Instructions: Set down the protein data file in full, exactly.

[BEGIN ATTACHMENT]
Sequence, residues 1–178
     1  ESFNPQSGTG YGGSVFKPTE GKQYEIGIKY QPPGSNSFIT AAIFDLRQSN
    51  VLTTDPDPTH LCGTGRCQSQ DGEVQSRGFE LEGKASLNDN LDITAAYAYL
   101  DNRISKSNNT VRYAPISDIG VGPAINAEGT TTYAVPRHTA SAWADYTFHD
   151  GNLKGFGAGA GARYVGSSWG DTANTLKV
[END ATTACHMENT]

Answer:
Sequence, residues 1–178
     1  ESFNPQSGTG YGGSVFKPTE GKQYEIGIKY QPPGSNSFIT AAIFDLRQSN
    51  VLTTDPDPTH LCGTGRCQSQ DGEVQSRGFE LEGKASLNDN LDITAAYAYL
   101  DNRISKSNNT VRYAPISDIG VGPAINAEGT TTYAVPRHTA SAWADYTFHD
   151  GNLKGFGAGA GARYVGSSWG DTANTLKV